In matters of design – as in love – it always pays to be on the same page. In this respect, Delphine and Reed Krakoff are a perfect match. The tough couple — she’s an interior designer, veteran stylist — masterful aesthetics and voracious collectors, and they also happen to share the same philosophies when it comes to hoarding treasures for their homes (it’s worth noting this is a pair whose real estate portfolio, past and present, included Jackie Kennedy’s childhood home in East Hampton and the Huguet Clark Estate in Connecticut).
“We are both really intuitive and it’s rare that we don’t have a similar feeling about something, even the most extreme things,” Reed says. Over decades of joint collecting, the two have seen eye to eye on an eclectic and largely idiosyncratic collection, among them: a surreal “cliffside” table by contemporary artist Mattia Bonetti, 1930s ceramics by Jane Besnard, modern plaster alternatives by Alan McCollum, small 1920s-era masterpieces from last century by Jean-Michel Frank, Tiffany lamps, a massive mirror by famous Chanel collaborator Robert Gooseins, and Lalanne sheep, which they circulated for eons before becoming a status symbol for Insta-glittery.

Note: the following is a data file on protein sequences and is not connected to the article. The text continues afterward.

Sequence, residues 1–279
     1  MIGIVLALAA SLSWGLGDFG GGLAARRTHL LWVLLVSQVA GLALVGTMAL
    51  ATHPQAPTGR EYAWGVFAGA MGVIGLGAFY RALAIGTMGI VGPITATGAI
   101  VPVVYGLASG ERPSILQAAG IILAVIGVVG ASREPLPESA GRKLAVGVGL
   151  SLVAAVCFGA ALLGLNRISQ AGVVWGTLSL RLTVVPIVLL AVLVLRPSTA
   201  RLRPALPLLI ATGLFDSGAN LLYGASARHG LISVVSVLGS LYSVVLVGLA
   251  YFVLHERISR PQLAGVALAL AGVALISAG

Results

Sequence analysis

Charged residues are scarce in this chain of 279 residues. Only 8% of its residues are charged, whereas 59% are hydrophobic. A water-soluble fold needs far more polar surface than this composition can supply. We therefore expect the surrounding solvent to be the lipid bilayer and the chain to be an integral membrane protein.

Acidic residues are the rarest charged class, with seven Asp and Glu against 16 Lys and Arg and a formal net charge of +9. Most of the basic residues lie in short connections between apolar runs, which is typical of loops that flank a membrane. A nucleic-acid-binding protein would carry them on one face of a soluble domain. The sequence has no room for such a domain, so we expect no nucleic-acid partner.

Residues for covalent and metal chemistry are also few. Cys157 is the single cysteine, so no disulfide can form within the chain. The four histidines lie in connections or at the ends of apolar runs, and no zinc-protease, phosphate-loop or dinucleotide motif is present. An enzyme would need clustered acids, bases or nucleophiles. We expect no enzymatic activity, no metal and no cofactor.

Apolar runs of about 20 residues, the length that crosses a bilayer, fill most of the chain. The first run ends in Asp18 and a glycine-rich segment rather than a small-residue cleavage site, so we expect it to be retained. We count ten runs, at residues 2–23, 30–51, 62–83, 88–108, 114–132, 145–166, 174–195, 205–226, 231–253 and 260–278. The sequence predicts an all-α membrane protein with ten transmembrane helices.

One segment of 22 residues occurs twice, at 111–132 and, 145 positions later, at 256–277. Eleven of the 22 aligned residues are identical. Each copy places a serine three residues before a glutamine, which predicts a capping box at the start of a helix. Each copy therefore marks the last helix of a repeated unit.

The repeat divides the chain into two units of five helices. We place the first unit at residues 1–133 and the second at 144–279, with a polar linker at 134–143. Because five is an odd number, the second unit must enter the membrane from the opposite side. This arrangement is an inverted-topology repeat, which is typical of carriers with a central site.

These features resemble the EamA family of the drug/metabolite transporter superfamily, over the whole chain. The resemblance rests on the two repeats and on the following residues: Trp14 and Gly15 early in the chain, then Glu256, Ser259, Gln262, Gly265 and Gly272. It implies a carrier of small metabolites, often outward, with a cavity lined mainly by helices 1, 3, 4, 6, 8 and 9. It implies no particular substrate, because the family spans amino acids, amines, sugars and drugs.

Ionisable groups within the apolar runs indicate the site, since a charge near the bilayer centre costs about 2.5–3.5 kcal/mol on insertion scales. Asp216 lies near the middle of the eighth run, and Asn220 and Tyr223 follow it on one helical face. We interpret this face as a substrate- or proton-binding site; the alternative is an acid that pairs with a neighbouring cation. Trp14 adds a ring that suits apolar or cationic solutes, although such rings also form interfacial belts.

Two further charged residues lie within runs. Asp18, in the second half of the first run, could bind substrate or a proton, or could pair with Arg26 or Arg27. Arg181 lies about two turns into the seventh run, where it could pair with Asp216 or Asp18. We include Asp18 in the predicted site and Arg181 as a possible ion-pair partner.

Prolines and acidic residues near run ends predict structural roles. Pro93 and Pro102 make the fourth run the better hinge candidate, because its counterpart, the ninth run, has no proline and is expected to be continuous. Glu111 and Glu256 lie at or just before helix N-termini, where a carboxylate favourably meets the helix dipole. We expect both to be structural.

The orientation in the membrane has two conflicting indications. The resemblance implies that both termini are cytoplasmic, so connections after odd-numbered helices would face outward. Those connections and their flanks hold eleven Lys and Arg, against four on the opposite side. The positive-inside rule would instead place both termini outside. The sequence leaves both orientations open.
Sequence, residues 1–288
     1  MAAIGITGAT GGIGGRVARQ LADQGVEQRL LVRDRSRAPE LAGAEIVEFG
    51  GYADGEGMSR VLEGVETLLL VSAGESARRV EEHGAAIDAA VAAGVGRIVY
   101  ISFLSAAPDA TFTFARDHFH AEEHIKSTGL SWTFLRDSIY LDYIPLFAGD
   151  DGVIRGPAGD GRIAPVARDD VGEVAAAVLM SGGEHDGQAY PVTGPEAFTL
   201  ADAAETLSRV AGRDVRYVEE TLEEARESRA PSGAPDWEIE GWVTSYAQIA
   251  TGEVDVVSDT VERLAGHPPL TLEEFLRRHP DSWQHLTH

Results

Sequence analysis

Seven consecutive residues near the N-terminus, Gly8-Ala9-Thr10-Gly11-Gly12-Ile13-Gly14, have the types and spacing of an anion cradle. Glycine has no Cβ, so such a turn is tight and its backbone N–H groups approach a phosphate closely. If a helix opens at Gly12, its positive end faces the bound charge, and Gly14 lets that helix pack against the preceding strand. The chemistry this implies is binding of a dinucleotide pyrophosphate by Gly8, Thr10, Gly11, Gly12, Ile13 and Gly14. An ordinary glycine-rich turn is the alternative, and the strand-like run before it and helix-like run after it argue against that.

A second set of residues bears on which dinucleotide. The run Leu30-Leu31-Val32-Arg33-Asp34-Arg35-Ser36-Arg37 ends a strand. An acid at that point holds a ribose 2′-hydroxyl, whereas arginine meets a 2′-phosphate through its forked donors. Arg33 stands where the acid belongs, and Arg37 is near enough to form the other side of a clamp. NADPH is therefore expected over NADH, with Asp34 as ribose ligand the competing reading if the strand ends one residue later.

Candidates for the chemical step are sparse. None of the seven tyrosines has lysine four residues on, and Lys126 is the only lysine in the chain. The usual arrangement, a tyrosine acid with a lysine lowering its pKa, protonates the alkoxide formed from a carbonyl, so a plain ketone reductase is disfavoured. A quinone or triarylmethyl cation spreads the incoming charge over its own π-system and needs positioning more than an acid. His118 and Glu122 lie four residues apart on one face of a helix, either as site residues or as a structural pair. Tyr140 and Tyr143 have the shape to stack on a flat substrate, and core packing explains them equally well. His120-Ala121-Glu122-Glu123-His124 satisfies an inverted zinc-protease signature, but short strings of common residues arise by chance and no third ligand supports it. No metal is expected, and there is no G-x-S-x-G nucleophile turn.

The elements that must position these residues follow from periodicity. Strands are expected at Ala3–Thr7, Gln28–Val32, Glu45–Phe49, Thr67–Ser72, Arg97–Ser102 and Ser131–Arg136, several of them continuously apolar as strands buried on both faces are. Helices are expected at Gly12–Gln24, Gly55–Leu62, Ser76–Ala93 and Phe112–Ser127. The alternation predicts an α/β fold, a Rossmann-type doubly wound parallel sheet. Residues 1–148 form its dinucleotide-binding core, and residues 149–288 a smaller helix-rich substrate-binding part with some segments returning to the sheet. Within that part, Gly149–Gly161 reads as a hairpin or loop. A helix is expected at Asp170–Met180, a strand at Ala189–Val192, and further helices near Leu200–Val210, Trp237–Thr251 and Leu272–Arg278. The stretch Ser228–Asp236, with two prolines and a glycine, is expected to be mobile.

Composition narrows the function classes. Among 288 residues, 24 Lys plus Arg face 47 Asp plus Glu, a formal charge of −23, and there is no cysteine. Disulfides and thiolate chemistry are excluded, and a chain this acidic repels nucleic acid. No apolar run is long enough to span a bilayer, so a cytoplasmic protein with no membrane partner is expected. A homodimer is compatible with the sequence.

“A lot of people might say that’s a strange blend of design philosophies together but for us, that’s what makes it interesting,” Reed says. “The best collections are personal. The best collections are not encyclopedic.”
Not only do they love the same things, but the Krakows embrace change as well. And it’s good news for fellow affluent design aficionados: Important pieces from their Upper East Side country home, including those listed above, will be auctioned off at Sotheby’s in New York on June 8. About accumulation,” Delphine says. “We are more connected to the process—traveling, discovering, finding things before they become commonplace, creating an environment. And then after we’ve lived with them for a few years, we don’t like them anymore – we’re ready to start creating something new.”
However, as much as they are constantly evolving and reframing the context of their living spaces, the Krakows have stuck to one basic principle: nothing is too precious. “We’ve always made homes where kids and guests can go anywhere they want,” says Reed. “You should be able to read the newspaper, keep your shoes on, and rest on the couch while worrying about dandruff and water spots.”
Sale Our Dream Collection: Art and Design from the New York City House of Delphine and Reed Krakow It will be held at Sotheby’s New York on June 8. Exhibitions start on June 3.
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